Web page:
Do you believe that a numbers wizard can predict the most random of human actions with mathematical equations so accurately as to know where and when such a person will be? If so, then I suggest you put down that letter you are writing to Santa, finish eating that egg a bunny left for you, go to your pillow and pull together all of the loot you got from the tooth fairy, and plunk it down on season three of Numb3rs. No, that’s not a typo, apparently they believe that letters aren’t good enough to stand on their own, so they inserted a 3 where the e should be. Aren’t they so clever? Not. In the fairy tale world of Numb3rs, all you need is an almost obsessive knowledge of math and the crooks don’t stand a chance. It’s almost unfair, isn’t it? Those poor criminals go about their carefully plotted crimes, unaware that everything they do is controlled by math. They live their lives oblivious to the fact they are at the mercy of a diabolical equation which forces their every move. In fact, I suspect some clever attorney somewhere is already preparing the “math made me do it” defense at this very moment. Soon our justice system will be forced to account for this undeniable force on our very destinies. I would go on but I can’t… must… fight… numbers…
Don Eppes (Morrow) is a decorated FBI officer in charge of a unit of the local field office of the FBI. His brother, Charlie (Krumholtz) is a math professor at CalSci. His brilliant mathematical mind is called upon to help the Feds track killers and rapists. No matter how complicated the trail gets, when the going gets rough these guys call on Charlie. The FBI office is also manned, or womaned as the case may, be by Agent Megan Reeves (Farr), who is the profiler of the group, Agent David Sinclair (Ballard), the smart tough guy, and Agent Colby Granger (Bruno) the young upcoming agent. Charlie has professor Larry Feinhardt (MacNicol) to guide him through his struggles. Both of the geeks are socially inept, and we are “treated” to their constant struggles to relate to others, particularly women. Why can’t they write an equation to fix that? Navi Rawat is Amita, a student of Charlie’s who remains to take a job at CalSci, possibly to remain near Charlie. Judd Hirsch is the father to the Eppes brothers The show is produced by brothers Ridley and Tony Scott, who have had far better luck on the big screen.
This season begins with the conclusion of the previous season’s cliffhanger. It changes the relationships within the team a bit. Granger is kind of on the outs after his big secret is out. Larry’s living with some monks now. I’d love to see Charlie’s equation on that one. The heart of the show remains the same. The dramas are actually pretty good, but every time you’re in the zone Charlie busts out with one of those crazy analogies and my brain goes into freeze out. Of note is that Tony Scott directed that first episode dealing with last year’s season ending.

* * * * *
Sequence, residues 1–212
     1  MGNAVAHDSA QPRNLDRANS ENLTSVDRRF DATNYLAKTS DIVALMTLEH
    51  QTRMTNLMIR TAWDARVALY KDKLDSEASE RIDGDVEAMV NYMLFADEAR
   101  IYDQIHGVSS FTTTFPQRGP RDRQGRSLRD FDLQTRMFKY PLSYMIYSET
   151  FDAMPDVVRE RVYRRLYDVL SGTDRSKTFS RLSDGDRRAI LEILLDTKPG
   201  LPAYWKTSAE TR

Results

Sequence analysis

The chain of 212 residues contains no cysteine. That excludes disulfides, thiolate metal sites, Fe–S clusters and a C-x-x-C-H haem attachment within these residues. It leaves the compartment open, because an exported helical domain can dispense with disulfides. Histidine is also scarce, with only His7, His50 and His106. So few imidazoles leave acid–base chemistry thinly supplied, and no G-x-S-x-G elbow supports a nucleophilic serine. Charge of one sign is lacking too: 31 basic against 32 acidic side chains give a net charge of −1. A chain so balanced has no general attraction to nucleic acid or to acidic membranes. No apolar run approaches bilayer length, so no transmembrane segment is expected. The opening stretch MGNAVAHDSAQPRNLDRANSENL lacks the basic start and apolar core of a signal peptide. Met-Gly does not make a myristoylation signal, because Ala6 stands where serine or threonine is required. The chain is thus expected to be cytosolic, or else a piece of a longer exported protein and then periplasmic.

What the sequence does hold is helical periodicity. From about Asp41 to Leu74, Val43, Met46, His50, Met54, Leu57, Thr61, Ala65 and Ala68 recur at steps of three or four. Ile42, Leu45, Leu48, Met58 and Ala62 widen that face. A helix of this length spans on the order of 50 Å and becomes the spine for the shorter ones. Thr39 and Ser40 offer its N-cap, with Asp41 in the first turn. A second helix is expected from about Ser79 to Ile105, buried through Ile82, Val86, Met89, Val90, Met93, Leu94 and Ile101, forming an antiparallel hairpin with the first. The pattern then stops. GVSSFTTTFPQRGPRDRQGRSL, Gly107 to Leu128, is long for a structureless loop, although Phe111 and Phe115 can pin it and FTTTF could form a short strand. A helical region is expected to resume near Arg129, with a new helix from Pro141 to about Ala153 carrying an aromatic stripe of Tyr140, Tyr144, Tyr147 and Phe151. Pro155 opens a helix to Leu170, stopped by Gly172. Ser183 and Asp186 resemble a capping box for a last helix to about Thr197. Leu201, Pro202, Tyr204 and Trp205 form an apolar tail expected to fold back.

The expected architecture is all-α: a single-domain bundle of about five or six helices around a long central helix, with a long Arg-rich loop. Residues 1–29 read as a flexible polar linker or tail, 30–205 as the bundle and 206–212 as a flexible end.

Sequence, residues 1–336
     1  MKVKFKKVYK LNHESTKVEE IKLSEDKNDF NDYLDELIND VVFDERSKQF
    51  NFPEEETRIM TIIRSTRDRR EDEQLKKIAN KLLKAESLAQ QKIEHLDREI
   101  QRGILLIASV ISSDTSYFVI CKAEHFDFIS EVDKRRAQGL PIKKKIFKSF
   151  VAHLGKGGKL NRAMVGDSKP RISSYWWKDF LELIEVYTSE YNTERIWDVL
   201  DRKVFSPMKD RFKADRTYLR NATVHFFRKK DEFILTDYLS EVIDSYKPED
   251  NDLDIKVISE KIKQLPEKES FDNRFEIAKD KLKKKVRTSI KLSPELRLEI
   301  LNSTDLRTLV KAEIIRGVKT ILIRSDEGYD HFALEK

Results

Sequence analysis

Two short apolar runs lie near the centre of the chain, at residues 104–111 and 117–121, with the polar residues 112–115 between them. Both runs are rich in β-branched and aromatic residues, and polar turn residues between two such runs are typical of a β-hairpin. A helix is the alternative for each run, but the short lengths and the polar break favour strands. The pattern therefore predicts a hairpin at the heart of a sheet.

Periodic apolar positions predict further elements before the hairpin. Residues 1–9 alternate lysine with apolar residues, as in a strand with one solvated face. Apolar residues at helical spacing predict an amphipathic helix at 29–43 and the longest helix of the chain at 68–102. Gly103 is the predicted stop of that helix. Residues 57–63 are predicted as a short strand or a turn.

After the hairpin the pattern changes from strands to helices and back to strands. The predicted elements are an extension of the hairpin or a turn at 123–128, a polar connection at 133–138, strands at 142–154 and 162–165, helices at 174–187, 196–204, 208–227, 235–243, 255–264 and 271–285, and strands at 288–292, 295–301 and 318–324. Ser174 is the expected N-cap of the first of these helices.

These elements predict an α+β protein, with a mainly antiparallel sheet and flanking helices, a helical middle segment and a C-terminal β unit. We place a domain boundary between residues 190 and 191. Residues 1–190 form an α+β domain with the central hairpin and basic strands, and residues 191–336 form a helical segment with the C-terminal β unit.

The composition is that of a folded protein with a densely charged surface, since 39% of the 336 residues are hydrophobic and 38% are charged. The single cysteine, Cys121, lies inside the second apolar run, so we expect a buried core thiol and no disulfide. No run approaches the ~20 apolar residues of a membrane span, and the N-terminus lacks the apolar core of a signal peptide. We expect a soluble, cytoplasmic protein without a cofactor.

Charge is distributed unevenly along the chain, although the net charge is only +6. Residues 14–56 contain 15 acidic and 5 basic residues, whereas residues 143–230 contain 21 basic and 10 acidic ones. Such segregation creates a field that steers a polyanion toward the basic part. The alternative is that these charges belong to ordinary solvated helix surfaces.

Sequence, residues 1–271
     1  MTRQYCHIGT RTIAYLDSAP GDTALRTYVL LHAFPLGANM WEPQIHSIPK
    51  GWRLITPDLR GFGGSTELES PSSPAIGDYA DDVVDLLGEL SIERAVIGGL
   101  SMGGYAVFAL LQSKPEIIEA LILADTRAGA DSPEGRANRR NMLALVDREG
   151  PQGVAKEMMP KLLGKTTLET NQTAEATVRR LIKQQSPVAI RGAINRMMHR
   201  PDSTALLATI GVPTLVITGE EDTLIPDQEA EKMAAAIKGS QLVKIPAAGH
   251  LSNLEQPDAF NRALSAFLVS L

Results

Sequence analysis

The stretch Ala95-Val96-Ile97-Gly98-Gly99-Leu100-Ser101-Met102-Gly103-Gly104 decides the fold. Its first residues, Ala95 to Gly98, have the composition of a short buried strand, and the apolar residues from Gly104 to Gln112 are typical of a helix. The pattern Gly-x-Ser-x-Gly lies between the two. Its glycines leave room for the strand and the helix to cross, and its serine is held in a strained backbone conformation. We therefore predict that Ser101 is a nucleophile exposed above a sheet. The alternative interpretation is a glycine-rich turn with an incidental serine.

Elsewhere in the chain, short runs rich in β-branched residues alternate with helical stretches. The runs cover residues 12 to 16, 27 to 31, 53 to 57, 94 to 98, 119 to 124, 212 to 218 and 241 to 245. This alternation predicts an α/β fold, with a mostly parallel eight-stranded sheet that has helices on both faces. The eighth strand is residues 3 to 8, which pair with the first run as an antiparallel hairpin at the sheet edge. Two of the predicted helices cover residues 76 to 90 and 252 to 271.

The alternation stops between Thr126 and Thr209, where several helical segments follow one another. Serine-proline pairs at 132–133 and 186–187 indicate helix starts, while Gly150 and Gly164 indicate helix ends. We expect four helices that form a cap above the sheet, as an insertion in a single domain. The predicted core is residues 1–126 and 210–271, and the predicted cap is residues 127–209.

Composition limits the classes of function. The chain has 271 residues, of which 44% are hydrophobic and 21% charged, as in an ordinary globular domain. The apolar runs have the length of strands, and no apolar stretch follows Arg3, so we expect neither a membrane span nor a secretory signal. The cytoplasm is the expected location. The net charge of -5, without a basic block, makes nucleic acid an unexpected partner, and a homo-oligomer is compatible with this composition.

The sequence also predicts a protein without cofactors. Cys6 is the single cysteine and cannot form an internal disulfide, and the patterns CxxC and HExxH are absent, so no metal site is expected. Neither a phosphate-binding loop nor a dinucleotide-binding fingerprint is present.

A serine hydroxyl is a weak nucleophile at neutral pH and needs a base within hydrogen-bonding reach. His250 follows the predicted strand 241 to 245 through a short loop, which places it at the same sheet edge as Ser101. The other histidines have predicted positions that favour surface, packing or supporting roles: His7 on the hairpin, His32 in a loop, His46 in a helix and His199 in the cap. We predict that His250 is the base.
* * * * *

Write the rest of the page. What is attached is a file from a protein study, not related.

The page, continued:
Each episode of Numb3rs is presented in its original 1.78:1 broadcast format. The transfer is pretty nice. The show appears to be mastered in HD so looks pretty good even with this SD release. Colors are pretty much realistic, if a bit soft at times. There appears a real effort to use a lot of toned down earthtones for this show, so don’t look for any brilliance out of the colors. Black levels are fair and consistent. There is a bit of compression artifact and grain, but they really don’t interfere with an overall sharp picture that easily beats the broadcast versions.
The Dolby 5.1 track is nice, but this is a very much dialog driven show. I go into a trance when Charlie starts explaining his math equations, so maybe I’m missing something there. The music is usually subtle except for the occasional montage moments which come off nicely in the sound department. Don’t look for much sub action; Hell, don’t look for too much action at all. This is a pretty quiet show overall, so the presentation doesn’t have to work all that hard. There isn’t much in the ambient sounds, so this would likely sound as good as a stereo mix.
The writer’s strike appears to have also affected the extras. The previous set was pretty loaded. Here you get just 1.
Crunching The Numbers Season 3 – Trust Metric: This time the Crunching Numbers feature focuses on just the first episode. Tony Scott ended up directing the show, and this 5 part feature deals with that episode as if it were a feature film. You can watch the entire nearly hour piece or select from the following portions and watch them individually: Pre-Production, Tony’s Touch, The Ambush, The Freighter, and Post Production. Tony Scott leads this cast and crew detailed look at all aspects of making the season’s first episode.
The math did finally get to numbers in the 4th season. The math in question here deals with the percentage that writers got on internet showings and other modern methods of delivering entertainment (that number being 0). When you divide a television season by that equation, the sum is reduced by the tangent of the picket line and multiplied by the number of writers minus the number of members of the Writer’s Guild divided by the number of weeks of the strike less the episodes produced, carry the 1 and we end up with a season of only 18 episodes, down from the average 24. I’m sure that Charlie could have worked this out to everyone’s satisfaction and the boys could have gone back to catching the bad guys with Numb3rs. “No offense, but how is that supposed to work?”